Twitter: Your 'tweets' belong to you

The company is also in the process of revising its API rules for external developers

Twitter has modified the terms of service that govern the proper user of the microblogging and social-networking site to state unequivocally that messages posted belong to their authors and not to the company.

"Twitter is allowed to 'use, copy, reproduce, process, adapt, modify, publish, transmit, display and distribute' your tweets because that's what we do. However, they are your tweets and they belong to you," wrote Twitter co-founder Biz Stone in a blog post Thursday announcing the modifications.

There has been controversy over the question of who owns the messages, photos, videos and other material that people post to social media and social-networking sites like Twitter, Facebook, MySpace and YouTube.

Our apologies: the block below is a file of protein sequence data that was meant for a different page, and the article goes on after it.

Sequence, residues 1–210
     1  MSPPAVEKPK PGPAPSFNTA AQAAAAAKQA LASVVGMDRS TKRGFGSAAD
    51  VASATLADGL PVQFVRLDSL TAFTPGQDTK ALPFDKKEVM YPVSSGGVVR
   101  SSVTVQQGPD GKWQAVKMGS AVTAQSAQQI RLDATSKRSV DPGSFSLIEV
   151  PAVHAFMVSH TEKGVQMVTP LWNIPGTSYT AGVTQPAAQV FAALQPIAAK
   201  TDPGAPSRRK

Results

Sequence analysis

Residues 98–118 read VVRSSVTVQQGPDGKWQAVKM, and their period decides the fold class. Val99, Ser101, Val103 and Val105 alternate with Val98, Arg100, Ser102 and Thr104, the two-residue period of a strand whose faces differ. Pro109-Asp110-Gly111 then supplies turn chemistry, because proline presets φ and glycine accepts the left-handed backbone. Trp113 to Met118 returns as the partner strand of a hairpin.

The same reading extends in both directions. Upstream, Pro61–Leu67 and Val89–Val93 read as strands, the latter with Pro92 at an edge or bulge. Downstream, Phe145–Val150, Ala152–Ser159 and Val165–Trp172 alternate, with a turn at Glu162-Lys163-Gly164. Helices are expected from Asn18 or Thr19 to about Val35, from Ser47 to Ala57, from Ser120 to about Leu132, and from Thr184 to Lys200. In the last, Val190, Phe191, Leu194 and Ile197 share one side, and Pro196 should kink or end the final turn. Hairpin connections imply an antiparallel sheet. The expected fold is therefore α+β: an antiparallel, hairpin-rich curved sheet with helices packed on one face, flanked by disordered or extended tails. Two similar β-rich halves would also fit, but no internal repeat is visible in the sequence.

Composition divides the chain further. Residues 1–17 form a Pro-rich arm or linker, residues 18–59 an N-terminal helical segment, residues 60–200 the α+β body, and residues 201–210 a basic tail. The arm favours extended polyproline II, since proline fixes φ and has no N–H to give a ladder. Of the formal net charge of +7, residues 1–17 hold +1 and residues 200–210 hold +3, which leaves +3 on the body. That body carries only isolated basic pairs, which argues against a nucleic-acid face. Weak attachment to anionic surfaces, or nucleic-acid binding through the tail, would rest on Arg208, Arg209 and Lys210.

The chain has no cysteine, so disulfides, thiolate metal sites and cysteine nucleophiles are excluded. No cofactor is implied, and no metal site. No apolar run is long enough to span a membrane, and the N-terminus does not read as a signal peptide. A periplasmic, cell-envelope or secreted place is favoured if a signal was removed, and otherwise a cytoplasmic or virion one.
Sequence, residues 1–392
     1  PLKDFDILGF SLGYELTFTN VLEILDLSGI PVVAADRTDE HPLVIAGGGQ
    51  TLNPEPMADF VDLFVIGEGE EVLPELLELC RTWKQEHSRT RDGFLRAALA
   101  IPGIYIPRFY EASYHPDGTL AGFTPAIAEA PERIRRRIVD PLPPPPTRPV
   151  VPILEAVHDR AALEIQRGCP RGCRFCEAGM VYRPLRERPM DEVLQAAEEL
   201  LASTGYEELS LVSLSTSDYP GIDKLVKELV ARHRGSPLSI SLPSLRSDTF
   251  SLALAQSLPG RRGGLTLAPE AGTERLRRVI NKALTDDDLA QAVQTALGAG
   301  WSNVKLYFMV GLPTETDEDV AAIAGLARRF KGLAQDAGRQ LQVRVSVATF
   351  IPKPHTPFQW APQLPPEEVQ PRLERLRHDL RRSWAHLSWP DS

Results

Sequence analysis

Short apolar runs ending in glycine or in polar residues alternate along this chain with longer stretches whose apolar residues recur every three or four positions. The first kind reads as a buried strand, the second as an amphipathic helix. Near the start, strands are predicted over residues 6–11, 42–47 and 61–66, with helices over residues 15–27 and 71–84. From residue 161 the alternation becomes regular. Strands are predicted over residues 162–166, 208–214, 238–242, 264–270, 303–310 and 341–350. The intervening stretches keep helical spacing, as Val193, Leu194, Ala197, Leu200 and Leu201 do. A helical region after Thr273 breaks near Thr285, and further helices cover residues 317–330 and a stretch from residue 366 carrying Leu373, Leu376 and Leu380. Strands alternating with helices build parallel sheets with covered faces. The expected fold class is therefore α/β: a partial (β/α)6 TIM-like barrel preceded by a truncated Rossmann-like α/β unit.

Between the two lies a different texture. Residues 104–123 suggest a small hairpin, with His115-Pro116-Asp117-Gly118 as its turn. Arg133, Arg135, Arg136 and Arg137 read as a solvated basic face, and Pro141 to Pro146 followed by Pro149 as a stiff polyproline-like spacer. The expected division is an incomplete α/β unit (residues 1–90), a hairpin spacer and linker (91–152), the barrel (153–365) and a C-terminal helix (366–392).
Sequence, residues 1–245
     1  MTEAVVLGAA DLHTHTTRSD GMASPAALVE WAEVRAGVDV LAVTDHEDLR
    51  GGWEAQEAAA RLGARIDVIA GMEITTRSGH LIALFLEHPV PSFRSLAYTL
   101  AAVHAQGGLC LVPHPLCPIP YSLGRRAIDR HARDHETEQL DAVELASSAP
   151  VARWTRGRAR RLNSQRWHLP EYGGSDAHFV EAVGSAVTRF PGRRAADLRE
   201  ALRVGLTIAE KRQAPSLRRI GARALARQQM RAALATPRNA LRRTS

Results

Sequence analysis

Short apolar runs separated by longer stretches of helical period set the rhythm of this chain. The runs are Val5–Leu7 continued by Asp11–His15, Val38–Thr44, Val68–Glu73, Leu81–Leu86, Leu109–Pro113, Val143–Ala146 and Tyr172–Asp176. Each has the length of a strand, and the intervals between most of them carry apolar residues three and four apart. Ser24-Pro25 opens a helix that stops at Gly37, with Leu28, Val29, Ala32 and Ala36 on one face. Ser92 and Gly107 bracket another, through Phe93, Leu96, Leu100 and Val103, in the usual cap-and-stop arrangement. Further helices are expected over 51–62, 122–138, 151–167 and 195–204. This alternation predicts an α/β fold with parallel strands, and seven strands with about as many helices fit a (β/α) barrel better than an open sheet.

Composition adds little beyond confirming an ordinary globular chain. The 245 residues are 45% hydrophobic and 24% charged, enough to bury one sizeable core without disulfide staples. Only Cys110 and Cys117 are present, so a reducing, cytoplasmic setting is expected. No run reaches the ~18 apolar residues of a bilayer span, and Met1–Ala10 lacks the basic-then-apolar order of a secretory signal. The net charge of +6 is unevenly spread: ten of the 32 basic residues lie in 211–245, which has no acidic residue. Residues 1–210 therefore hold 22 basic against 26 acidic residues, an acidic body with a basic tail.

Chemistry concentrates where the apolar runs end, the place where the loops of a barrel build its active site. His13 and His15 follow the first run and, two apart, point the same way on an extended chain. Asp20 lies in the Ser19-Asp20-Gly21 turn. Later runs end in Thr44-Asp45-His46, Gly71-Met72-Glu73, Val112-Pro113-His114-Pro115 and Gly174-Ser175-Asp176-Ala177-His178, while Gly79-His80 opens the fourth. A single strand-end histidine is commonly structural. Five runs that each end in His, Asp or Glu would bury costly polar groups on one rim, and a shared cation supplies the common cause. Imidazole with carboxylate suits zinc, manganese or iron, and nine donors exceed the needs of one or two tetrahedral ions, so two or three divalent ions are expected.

For example, Google and Facebook got into hot water when critics complained about what they perceived as terms of service that claimed ownership of the data end users store in Google Apps and Facebook profiles.

The revised Twitter terms also state that end users allow Twitter to make posted messages available to external applications that use the Twitter API (application programming interface).

However, Twitter is still hammering out a set of guidelines for developers on the proper use of the API.

The API guidelines are still in draft form and require that developers identify the authors of "tweets," maintain the integrity of the text and obtain permission to send messages on end users' behalf or turn their message into a commercial product, like a poster.

Twitter is also keeping mum on details about the display of advertising on the site, an issue of much discussion among pundits who follow the company and have raised questions about how it will generate advertising to sustain its business.

Twitter welcomes feedback on its terms of service and will revise them as it deems necessary.

"These updates complement the spirit of Twitter. If we've left something out, or the nature of the service changes, then we'll revisit the Terms -- there's a feedback link on the page," Stone wrote.

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Juan Carlos Perez

IDG News Service
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